Background: Due to several court rulings in Europe, Google is required to honor a person's "right to be forgotten," which basically means that if someone fills out a form online requesting Google to take down search results that involve that person's identity, Google must honor the request, within reason. This seemingly simple, basically supportable idea has lead to a rabbit-hole, beyond-the-looking-glass, metaphor-for-confusion loop of strangeness: Google has now been ordered to forget what it forgot.
In a Wittgensteinian act of removing the ladder once one has reached the top of it, Google has now been ordered to remove links to stories discussing Google removing links to stories. This order came from the UK's Information Commissioner David Smith, whose title suddenly smacks even more of Orwellian double-speak considering his job now involves making information disappear.
As Kate Knibbs of Gizmodo quite reasonably asks, "how will the [Information Commission] handle purging news stories about the news stories about purging the news stories about purging news stories, or how it will handle purging news stories about purging news stories about the news stories about purging the news stories?"
The original linked stories that lead to the "right to be forgotten" being created involved a claimant whose 10-year-old criminal offense he wanted removed from search results about him. This kind of makes sense for those whose youthful yet embarrassing indiscretions continue to haunt them. But it isn't just stupid stuff done while young that is the problem. One "right to be forgotten" case involved a woman who allegedly ran a large-scale prostitution ring. Another in Germany involved a convicted murderer trying to get his name removed from Wikipedia articles. At a certain point the right to be forgotten begins to feel a lot like censorship, except as practiced by individuals rather than governments.
Furthermore, the whole thing seems absurd and moot because the news stories themselves don't disappear, just the Google search result links to them. This has lead to news agencies like the BBC and the Telegraph keeping running, publicly available lists of stories that have been effected by the link takedowns, which themselves may have to have their links taken down. The Streisand effect is in full force here. (Link features mildly-NSFW gif of animated flying penises.)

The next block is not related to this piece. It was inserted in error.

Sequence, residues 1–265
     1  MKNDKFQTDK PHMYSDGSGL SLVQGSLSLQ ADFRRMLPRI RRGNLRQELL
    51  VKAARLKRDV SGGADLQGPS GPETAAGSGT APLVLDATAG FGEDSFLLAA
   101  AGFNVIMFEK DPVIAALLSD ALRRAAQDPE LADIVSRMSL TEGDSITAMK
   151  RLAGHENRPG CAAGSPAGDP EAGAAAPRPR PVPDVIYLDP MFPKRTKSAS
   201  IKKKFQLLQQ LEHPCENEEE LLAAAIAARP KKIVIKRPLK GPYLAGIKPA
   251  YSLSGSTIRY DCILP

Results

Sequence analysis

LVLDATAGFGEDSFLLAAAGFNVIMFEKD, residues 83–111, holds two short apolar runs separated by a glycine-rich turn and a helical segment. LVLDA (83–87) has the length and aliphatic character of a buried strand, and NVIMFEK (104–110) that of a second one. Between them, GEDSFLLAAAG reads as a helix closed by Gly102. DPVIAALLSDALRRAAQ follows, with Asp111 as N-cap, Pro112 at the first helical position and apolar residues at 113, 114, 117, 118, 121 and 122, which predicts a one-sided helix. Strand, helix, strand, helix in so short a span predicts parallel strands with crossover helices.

As has been observed, this leads to Google searches for individuals' names being stripped out of search results, while searches for "right to be forgotten" or "google forgotten takedown" giving full lists of effected news stories with names and everything. So nothing has been "forgotten" at all.
This also leads to Google being in the strange position of being arbiter of what is worthy of being forgotten or not, which seems like a power a private, profit-seeking company should not be given.
My instinct tells me that the right to be forgotten is stupid in the same way the anonymous posting on the internet is stupid. What we say and the actions we take have consequences. They should and need to, so that we will be forced to consider what they mean and what impact they might have.
Anonymity on the internet encourages people to speak with abandon, knowing they won't suffer for ugly things they might say. Will knowing the "right to be forgotten" exists encourage people's behavior in the same way? Probably to a lesser degree, but there are strange incentives at work here. The "right to be forgotten" is an idea whose consequences will play out in ways that we have no way of predicting.